Don took the late-night shift and Michele the early morning hours.
"It was a complete 180 from our lifestyle - being able to do what you would like to do when you want to do it," Michele said. "You have to step back from that now. You have to be very planned and organized."
Matt and Molly Kuzinski's first few weeks on the job was also a trial of diapers and late nights.
They received their foster care license on a Friday and by that night they had a child for the weekend, providing respite care for another foster family.
Their next child was a newborn that they picked up from the hospital.
"Every time she moved, we woke up," Molly said. "I was tired. I'm still tired."
They have since had 16 children stay in their home - some coming in the middle of the night and leaving quickly, others staying for good.
The couple, who embarked on the foster care process four years ago, have adopted a 2-year-old and are foster parents to a 10-month-old girl.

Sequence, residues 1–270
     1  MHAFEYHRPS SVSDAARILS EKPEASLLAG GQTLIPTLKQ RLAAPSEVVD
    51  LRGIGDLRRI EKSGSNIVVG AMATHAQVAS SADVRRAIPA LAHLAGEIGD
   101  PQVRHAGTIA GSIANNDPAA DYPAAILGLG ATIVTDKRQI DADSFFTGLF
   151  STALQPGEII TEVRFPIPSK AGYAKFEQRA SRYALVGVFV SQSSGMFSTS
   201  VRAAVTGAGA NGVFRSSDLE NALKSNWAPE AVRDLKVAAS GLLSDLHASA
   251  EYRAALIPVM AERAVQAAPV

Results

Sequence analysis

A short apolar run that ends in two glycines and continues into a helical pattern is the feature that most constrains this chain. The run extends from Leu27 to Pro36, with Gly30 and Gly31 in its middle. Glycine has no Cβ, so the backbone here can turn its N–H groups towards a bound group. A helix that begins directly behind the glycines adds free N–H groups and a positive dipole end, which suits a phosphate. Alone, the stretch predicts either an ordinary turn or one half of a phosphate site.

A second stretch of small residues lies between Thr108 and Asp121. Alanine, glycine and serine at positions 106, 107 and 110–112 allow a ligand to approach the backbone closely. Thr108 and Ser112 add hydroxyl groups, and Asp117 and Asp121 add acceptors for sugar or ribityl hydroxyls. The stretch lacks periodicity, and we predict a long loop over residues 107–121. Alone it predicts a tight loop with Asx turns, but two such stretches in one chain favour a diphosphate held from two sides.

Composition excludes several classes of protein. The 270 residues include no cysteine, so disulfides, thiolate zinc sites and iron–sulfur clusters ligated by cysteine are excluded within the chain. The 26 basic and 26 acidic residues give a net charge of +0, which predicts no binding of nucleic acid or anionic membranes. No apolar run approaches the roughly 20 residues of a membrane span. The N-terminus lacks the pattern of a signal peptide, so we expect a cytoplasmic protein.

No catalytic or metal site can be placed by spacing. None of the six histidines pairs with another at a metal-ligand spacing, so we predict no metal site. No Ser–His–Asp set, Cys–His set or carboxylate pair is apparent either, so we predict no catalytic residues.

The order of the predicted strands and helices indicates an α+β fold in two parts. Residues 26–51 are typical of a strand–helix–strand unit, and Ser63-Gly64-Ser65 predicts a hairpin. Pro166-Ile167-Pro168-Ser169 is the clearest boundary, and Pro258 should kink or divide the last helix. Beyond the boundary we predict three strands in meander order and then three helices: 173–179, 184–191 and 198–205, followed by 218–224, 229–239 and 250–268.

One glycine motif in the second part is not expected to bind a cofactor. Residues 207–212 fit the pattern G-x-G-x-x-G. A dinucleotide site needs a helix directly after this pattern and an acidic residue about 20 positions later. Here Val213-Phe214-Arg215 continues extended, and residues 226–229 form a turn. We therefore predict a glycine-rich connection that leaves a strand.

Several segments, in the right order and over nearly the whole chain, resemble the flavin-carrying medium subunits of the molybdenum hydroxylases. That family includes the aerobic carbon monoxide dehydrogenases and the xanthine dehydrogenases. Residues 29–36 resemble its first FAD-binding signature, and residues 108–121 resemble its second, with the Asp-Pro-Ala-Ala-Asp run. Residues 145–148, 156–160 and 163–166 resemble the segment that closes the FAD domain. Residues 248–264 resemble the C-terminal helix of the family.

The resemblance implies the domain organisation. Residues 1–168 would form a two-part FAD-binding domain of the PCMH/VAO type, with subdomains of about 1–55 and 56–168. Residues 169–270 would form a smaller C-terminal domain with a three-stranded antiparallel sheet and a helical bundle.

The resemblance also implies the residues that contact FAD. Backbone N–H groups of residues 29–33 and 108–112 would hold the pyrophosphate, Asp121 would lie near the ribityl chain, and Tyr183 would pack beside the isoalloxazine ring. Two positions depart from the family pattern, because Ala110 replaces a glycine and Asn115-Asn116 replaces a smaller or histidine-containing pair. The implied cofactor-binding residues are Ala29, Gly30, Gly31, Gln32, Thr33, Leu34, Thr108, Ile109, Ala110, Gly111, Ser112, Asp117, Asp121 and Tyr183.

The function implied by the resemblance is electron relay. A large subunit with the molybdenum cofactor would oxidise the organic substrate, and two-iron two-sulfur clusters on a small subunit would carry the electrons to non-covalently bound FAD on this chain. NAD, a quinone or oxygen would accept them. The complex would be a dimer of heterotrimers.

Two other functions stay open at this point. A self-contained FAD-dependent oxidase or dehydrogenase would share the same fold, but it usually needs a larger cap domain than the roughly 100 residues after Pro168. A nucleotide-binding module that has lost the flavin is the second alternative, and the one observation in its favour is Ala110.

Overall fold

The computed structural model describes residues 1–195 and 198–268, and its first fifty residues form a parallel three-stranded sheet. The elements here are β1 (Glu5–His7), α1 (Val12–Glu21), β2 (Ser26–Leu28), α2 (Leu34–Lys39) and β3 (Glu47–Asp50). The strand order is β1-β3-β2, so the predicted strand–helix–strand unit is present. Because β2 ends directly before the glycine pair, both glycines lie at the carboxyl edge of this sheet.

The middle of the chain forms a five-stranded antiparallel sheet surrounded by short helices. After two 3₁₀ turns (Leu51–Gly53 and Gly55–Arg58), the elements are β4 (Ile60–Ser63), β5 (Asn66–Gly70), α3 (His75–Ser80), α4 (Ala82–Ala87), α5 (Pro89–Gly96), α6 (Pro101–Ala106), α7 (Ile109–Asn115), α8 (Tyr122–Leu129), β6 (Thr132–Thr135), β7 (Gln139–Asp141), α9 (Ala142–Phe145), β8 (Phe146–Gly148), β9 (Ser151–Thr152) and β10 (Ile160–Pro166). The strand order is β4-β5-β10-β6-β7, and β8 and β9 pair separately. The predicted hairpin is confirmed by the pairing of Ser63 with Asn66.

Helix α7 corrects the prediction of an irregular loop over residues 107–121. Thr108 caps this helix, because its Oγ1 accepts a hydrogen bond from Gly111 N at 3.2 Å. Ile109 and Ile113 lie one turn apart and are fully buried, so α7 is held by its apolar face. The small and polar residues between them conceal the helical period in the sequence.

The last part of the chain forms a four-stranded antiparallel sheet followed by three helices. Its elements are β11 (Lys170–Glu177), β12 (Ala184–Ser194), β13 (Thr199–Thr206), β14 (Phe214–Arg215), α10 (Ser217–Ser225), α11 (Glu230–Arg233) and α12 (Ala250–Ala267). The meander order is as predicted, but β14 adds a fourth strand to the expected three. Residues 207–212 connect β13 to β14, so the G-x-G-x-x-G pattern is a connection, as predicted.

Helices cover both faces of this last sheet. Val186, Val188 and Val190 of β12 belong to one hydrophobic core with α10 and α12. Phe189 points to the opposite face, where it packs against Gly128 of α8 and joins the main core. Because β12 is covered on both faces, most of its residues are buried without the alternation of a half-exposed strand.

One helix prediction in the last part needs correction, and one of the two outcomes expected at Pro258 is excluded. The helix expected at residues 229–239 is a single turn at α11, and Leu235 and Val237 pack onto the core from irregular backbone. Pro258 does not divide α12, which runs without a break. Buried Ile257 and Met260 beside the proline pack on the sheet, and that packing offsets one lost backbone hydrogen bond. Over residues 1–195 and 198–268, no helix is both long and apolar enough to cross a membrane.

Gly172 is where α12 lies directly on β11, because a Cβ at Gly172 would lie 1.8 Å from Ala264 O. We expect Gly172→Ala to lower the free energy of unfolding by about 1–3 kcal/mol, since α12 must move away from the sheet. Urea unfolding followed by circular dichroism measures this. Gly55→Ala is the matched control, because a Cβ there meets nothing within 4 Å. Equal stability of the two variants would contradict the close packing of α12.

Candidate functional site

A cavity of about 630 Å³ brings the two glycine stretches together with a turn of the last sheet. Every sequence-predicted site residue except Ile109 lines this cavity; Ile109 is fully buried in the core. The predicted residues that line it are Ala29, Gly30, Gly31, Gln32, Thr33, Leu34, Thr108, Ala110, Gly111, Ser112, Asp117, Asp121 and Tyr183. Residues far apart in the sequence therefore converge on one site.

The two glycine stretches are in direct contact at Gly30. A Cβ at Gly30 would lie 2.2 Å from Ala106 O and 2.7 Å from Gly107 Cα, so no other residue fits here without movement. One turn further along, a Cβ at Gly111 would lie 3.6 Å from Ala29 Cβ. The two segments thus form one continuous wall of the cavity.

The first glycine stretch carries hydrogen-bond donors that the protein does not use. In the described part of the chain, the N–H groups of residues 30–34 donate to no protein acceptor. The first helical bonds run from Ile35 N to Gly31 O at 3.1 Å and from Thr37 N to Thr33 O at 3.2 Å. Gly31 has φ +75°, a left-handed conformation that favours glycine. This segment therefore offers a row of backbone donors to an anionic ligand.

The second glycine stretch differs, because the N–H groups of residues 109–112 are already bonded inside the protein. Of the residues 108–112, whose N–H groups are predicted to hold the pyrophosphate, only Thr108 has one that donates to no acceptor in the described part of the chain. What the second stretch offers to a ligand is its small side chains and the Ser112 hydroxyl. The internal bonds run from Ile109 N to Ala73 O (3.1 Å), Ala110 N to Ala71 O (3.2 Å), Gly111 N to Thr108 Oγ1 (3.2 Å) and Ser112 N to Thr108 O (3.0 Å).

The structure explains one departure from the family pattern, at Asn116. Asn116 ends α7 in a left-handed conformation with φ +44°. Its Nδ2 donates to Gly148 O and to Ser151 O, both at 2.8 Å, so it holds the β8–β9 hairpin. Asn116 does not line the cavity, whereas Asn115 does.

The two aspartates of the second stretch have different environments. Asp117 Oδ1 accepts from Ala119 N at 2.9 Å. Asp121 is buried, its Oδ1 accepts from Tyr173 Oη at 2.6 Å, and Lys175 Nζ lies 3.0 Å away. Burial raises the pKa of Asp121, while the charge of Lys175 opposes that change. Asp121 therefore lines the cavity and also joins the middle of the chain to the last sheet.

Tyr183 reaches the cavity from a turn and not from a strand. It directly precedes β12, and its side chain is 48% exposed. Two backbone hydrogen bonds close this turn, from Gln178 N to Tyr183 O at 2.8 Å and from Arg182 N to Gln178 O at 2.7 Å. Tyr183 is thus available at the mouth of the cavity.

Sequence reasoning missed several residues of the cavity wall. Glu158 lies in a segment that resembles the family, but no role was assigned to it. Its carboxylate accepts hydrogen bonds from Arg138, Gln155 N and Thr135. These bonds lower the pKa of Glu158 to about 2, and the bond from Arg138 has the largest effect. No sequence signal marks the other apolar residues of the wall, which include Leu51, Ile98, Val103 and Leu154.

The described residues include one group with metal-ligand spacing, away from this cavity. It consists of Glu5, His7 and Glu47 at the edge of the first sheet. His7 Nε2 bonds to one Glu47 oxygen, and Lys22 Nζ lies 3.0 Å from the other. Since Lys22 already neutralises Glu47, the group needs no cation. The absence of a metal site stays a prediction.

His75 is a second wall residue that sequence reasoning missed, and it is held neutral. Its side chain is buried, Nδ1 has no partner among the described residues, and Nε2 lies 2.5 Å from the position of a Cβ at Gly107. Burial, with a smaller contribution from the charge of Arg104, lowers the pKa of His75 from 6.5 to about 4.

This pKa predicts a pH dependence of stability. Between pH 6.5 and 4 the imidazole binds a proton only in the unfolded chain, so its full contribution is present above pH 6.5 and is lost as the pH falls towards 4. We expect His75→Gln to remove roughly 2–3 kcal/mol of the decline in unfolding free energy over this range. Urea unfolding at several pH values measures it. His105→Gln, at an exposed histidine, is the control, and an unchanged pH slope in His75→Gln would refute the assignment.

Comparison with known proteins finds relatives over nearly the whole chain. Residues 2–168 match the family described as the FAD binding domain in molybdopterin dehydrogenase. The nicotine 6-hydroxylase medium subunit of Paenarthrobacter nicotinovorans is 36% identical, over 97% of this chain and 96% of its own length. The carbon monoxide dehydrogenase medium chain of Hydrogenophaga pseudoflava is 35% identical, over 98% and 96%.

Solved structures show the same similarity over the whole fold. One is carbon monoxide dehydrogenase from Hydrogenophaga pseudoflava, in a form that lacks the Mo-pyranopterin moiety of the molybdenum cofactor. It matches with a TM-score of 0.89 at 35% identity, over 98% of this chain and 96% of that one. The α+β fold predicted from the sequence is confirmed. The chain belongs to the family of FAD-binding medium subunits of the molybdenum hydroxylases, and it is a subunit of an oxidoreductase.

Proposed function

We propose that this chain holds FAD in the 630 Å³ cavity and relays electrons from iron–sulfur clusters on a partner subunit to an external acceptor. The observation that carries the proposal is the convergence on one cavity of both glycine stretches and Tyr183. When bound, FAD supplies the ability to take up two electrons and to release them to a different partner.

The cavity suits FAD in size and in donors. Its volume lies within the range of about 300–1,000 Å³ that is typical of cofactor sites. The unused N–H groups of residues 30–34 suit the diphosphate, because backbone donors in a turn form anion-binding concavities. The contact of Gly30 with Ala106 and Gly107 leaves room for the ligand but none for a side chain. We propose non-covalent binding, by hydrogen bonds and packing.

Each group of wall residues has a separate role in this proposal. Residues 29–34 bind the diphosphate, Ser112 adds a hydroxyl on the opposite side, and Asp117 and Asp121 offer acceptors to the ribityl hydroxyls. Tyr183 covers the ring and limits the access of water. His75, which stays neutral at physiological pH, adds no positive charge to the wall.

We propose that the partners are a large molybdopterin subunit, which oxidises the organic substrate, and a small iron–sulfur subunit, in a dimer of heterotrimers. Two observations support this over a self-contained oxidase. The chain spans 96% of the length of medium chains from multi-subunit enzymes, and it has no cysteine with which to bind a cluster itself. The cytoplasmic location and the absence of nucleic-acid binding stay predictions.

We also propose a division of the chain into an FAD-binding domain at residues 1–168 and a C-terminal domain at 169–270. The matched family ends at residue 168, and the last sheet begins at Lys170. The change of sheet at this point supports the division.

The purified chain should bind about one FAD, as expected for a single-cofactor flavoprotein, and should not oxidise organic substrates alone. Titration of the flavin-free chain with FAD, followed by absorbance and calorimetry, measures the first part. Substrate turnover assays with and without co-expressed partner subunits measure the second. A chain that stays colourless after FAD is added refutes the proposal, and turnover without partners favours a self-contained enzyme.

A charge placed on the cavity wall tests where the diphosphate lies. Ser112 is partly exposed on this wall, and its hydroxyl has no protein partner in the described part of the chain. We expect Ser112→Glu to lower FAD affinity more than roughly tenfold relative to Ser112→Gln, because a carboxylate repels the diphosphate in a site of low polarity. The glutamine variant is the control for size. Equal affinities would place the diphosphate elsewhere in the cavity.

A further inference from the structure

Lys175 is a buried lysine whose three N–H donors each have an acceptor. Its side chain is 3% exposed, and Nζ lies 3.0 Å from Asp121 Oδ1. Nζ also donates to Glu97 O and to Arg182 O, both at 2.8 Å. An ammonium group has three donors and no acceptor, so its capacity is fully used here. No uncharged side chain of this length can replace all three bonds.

"I think it should be really hard to let them go," Molly said. "You're probably not in it for the long haul if it isn't."
For children in the foster care system, there are many different paths to travel before finding a stable home.
The most recent data from the Kansas Department of Social and Rehabilitation Services shows that, before leaving the foster care system, children on average had spent 18 months in foster care homes.
For those who exited the system, 63 percent were reunited with their parents, 18 percent were adopted and 9 percent had their custody turned over to a relative.